For those of us who have been reading the Bible for a while, there are parts of our reading experience that we take for granted. But these very same features make it a strange sort of book. Take verse numbers and study Bible notes. These can be incredibly helpful, but they also clutter up the page and are not found in most other types of books (aside from textbooks, religious works, and academic resources). And chapter numbers in the Bible are much more frequent than chapter breaks in other sorts of books. Additionally, they can artificially segment off our Bible reading into tidy little units that lose the important context of surrounding verses. This is not to mention section headings, headers, cross-references, and other features! These factors can be imposing to first-time readers of the Bible and also can keep us from experiencing the books of the Bible as belonging to the genres in which they were originally written: as a letter or group of poems or as a story.
In response to these potential issues, Bible publishers have begun to put out Bibles that they refer to as Reader’s Bibles. I already had an ESV Reader’s Bible, so when the chance to review a CSB Reader’s Bible came, I jumped at the opportunity.
The CSB is the Christian Standard Bible, the newest edition of what was formerly known as the Holman Christian Standard Bible (HCSB). The CSB aims not for formal equivalency (e.g. NASB) or dynamic equivalency (e.g. NIV), but “optimal equivalency.” That is, it goes with a word-for-word translation as often as possible, but will translate thought-for-thought when translating literally would make things too unclear for the modern reader.
I share this because this makes it a good choice for a reader’s Bible. All too often, translations utilizing formal equivalency can come off sounding wooden and not flowing very well. But the danger of a dynamic translation is that it can stray from the original language in of the text. With the CSB, you know that it’s sticking close to the original meaning but that you’ll not have a difficult time slogging through odd phrases.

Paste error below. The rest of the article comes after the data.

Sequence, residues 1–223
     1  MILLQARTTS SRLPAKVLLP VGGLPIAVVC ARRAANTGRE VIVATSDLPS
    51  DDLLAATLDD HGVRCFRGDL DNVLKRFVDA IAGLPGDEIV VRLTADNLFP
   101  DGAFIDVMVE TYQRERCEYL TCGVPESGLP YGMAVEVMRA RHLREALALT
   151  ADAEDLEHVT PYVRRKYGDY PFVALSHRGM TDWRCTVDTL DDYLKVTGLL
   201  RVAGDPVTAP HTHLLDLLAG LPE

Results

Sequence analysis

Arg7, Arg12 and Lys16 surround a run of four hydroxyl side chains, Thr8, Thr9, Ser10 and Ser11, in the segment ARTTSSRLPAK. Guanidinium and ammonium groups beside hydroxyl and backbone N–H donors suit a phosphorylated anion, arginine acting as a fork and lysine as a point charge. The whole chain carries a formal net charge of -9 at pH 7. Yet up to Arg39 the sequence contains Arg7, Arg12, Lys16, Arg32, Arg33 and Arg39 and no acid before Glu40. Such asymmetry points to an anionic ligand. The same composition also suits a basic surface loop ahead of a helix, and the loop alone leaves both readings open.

The physical dimensions of the Bible are 9.25 x 5.5 x 1.6.″ This makes it a bit taller than most comparable Bibles, which I like. It’s a gray cloth over board Bible and has a blue ribbon for you to mark your place.
For the pages themselves, there are no verse numbers, chapter numbers, or section headers. There are no headers and the only items in the footers are page numbers and the chapters that are on the above page. The text is in a single long column and the only interruptions are drop caps for the first letter of a new chapter. Also, Old Testament quotations are in bold.
For poetry, the text is indented some. Most lines are short enough that they fit without going over to the next line. In a nice touch, poetry that is alliterative (e.g. Psalm 119) not only have the English transliteration of the Hebrew letter: they also have the Hebrew character.
I love this reader’s Bible and would highly recommend it to anyone interested in trying out a different way of engaging with the biblical text. I’ve only had it a few weeks and it’s already one of my favorite Bibles. The CSB Reader’s Bible would be a welcome addition to any Christian’s library and would make a wonderful gift as well.
5 stars out of 5
CSB Reader’s Bible. Nashville: Holman Bible Publishers, 2017. 1816 pp. Hardcover. $39.99.
Thanks to Holman Bible Publishers for the review copy, which I received for free in exchange for an impartial review!